As previously stated, it is doubtful that you will find any voting Pilot who truly loves this agreement. What I’ve found is that most “yes” voters are voting “yes” due to a fear of the unknown. Fear of what Smisek might do. Fear of actions that the NMB might take if we fail to ratify; the most ridiculous of all fears in my humble opinion. This fear driving our Pilots to accept a sub-standard TA would be easily thwarted if we had a unified army of 12,505 who would refuse to submit to a whipsaw “Eastern” scenario of each other’s airline. Just so I’m clear on this one, should smisek attempt to shrink LUal in lorenzo fashion, every LCal Pilot should immediately do everything possible to show smisek that we will not stand for that and that we are a unified army of 12,505. smisek is the enemy, your fellow Pilot is not. Whether growing up on the unfriendly streets of Newark, or on a low-level through the mountains of Afghanistan, one tenant remains true, “You never, ever leave your wingman”. This is where we have failed each other, but we still have time.

The NMB
In my personal interaction with Ms. Puchala, I have never once heard her indicate that we would be punished (put on ice) for not ratifying this TA. I asked the question, “What happens if we vote the TA down at the MEC level? Her answer, not to my liking, was that she considered that scenario an internal Alpa issue. She rightfully suggested that if the JNC brought a TA to the MEC that didn’t pass, then obviously a disconnect exist between the JNC and the MEC, and that we (Alpa) would have to work that out amongst ourselves. Second question, “What if the Pilots fail to ratify”? She indicated that this would get her attention. She would thereupon poll the Pilots to find out why the TA failed to ratify, and would take the appropriate action. No promises, but no threat to be iced either. Third question, “ Why do the Railroads always get full retro, but the Airlines never achieve it?” Answer, “Because you guys never demand it”.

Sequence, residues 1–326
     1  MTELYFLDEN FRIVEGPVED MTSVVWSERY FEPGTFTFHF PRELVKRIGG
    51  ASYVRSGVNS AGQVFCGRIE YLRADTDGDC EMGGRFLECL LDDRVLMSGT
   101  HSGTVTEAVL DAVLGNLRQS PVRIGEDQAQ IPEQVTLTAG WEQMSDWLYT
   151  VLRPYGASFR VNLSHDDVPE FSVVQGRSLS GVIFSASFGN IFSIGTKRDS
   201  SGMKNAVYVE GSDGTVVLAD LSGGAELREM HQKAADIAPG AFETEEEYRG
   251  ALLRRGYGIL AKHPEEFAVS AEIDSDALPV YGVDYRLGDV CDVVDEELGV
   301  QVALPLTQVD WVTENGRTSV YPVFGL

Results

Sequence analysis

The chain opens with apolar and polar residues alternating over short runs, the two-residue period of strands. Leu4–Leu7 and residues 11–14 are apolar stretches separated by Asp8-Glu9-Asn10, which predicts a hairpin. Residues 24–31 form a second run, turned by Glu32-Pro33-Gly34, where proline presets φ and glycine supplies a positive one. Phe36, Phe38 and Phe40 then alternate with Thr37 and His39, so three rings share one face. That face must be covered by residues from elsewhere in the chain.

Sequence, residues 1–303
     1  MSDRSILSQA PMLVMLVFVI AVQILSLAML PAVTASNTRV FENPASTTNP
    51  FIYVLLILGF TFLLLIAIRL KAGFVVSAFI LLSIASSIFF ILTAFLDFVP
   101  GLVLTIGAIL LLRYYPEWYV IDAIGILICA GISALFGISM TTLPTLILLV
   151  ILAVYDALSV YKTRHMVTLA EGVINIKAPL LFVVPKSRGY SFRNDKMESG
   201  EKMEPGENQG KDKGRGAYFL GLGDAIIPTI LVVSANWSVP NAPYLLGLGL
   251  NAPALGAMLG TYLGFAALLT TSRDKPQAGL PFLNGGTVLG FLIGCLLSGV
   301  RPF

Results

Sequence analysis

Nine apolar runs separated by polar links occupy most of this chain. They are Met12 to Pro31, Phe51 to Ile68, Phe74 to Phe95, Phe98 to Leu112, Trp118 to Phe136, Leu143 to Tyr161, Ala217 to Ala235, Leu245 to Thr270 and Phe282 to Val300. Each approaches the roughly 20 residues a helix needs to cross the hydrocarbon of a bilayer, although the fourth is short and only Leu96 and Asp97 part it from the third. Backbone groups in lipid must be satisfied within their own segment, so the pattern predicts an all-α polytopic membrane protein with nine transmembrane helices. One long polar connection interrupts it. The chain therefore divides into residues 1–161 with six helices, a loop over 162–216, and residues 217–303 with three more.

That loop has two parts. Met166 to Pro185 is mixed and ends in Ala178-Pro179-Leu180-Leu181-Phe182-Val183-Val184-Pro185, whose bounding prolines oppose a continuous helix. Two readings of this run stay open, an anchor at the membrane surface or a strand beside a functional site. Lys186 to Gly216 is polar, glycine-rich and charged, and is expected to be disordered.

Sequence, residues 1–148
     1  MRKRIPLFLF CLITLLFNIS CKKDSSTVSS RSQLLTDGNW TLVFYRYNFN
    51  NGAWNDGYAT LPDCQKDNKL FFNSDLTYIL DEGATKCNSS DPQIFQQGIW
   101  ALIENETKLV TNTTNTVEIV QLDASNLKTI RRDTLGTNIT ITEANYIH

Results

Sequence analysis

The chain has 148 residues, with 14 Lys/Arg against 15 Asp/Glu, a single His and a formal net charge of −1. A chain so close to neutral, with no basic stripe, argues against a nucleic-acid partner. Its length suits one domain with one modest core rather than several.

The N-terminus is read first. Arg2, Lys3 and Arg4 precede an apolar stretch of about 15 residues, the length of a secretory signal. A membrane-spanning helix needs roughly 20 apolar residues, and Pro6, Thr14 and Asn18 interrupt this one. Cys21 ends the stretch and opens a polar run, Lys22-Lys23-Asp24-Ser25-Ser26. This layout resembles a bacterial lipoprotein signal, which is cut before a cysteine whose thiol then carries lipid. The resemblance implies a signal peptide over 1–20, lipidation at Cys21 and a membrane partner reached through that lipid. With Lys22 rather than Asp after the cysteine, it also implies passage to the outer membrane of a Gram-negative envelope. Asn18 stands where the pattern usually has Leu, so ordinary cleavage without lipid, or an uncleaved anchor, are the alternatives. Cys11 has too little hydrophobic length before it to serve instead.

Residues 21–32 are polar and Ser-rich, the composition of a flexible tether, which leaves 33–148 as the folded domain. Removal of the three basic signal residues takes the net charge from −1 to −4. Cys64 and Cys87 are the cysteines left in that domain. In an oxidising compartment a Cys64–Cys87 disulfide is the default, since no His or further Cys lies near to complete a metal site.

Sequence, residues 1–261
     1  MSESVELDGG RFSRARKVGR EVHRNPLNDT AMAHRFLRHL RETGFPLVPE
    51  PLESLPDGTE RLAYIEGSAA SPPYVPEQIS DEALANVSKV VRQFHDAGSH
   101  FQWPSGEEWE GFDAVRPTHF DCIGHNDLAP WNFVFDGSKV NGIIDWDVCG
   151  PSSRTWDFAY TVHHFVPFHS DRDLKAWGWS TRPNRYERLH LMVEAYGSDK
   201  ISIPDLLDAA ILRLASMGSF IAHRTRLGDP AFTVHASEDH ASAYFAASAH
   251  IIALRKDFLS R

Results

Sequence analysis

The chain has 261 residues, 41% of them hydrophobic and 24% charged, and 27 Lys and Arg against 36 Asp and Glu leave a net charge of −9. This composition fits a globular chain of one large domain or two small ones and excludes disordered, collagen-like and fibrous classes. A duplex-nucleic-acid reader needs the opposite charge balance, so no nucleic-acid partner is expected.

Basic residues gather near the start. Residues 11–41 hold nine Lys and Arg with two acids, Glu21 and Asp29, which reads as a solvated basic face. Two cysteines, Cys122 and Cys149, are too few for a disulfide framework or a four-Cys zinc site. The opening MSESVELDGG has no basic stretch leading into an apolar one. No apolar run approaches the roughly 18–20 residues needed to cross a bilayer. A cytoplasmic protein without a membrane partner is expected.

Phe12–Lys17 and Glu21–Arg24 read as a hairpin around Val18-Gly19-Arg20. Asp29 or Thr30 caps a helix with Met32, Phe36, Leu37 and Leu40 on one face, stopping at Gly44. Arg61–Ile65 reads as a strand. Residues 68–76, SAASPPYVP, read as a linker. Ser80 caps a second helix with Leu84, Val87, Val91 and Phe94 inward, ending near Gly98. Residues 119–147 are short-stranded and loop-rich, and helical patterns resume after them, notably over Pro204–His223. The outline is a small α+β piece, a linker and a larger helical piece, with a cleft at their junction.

I’d like to go on the record as being an advent supporter of Ms. Puchala and the NMB. The TA that exists before you today would be totally concessionary had it not been for NMB involvement. I truly hope you did not truly believe there was any chance of release to self-help months before a presidential election. That election is now over.
Lastly, the NMB has fulfilled their obligation to these negotiations. We needed the NMB to force the company to produce a TA that was worthy of a vote; they have accomplished that task and that vote is now before us. It took years for the company to produce an agreement worthy of a vote. I repeat…years. During that time, we struggled with leverage due to Wall Street’s favorable opinion of this merger and reminiscences of a Gordon Bethune styled team managing the world’s largest airline. The smoke has cleared and it has become obvious to Wall Street and our co-workers that jeff smisek is no Gordon Bethune and United Airlines is being grossly mismanaged by said over-paid and underperforming CEO. That same CEO arrogantly stated that labor was not needed for this merger. Now that the investors, passengers and employees realize that the Emperor (smisek) is wearing no clothes, we finally have the leverage needed to secure the industry-leading contract that we deserve. I implore you to understand that now is the time to push for an industry-leading CBA, not accept the best one that could be negotiated.